With the Awards in the conference room of the Jericho Sailing Center, we were treated to this view.  
37:58. Good enough for 15th overall, and 2nd place in my age category.

I was having a tough day, mentally, on this run. The body was OK, I just could not will myself to go faster as I have in other XC races this fall. Fortunately, I know that I can go faster. The mind-body connection needs to be more synchronised so that I feel light, fluid, and am thinking less, and in the moment more.

Ribbons Rock!: This makes up for all those track meets in elementary school when I did not earn a ribbon. 
With this finish, I have captured the overall title for the 30-39 Lower Mainland XC Points Series. I'll post up the review of the series when I see the official results on line, along with a self assessed grade for each of my races.

Results are here.

More pics to come. Jan Heuninck has an awesome set here.

A bit disappointed with the placing and the time, but all told, a good finish to the racing year.

I have my doubts that this course is measured accurately to 10k. If it is, that is awesome, and I am happy to have run my 2nd fastest 10k time yet.

I warmed down with Stan Jang, a lovely soul and super fast runner. He was 8th at the Victoria Marathon this year with a 2:35. That is one of the best parts of these runs: the community developing between familiar faces as we share a race time and time again.

This race was amazing: the setting, the organization, the post race food and prizes. The Lower Mainland XC Series is awesome value for the money: inexpensive entry fees, and some great competition. LGRR knows how to put on a great event, as well. Much like the Hershey Harriers on Remembrance Day, the races were comparable. For $15 I had a great run with an unexpected pizza meal at the end, warm showers, and some good company. All told, I was very happy to have made my way out to this run.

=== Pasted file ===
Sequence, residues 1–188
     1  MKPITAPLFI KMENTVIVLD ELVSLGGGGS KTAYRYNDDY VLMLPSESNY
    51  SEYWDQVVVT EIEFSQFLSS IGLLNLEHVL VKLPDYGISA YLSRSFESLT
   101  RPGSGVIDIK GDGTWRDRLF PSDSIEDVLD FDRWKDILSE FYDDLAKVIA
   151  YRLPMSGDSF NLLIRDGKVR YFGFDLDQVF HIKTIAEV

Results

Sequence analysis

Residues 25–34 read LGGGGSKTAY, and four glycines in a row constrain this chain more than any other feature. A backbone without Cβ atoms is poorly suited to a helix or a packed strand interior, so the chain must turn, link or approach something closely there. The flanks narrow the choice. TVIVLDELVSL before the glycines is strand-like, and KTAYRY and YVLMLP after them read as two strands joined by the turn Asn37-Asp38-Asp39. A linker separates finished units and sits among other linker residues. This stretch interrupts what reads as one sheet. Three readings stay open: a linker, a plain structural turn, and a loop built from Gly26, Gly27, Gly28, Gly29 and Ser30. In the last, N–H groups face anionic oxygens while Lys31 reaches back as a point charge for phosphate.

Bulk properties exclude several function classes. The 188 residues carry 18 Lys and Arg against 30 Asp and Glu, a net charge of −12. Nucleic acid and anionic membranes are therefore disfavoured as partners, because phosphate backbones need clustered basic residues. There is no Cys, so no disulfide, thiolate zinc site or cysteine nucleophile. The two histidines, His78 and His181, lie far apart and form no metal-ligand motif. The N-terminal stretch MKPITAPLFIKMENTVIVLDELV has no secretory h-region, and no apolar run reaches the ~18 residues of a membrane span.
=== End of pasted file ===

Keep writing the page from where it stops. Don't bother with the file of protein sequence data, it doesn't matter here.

As I said, the future looks good fast.

Keith Dunn has produced a short video summary of the leaders

Race gear:

New Balance MT110WR
Icebreaker 200 Longsleeve
Sugoi Midzero tights
Ibex Merino boxer-brief
NB Knit gloves
Sugoi Merino socks

Shoe Notes: 

New Balance MT110WR

This run was only my 2nd in my New Balance MT110WR winter minimal trail shoe, yet they ran as I expected them to: exactly the same as their fraternal twin. My first run in these was in Kamloops over the Remembrance Day long weekend. I felt they were too warm then, as the temperature was higher then (2 degrees) that it was this weekend. Even for this race with the temp at -2 or -3, the shoe collected some moisture in it over the morning from sweat. They do not breath.

The shoe has an over-boot covering that keeps my feet really warm, and is (supposedly) water proof. It is kind of an ugly looking thing with the over-cover on it, but man, I did not have any cold feet on the run. I was feeling great--the show was awesome for grip and ground feel, and I love the low drop and stack height to prevent me from rolling an ankle. It will be my winter racing and training shoe for the short while. I would definitely pull it out for the January 1st Resolution Run in Crescent Park, provided it is cold or wet enough outside. These shoes have my total confidence when the weather turns sour, or really cold. They work just like their warmer weather (over 5 degrees) brother, the MT110, an all time favorite of mine.

New Balance MT110 WR and MT110: Fraternal twins or the right tool for the job.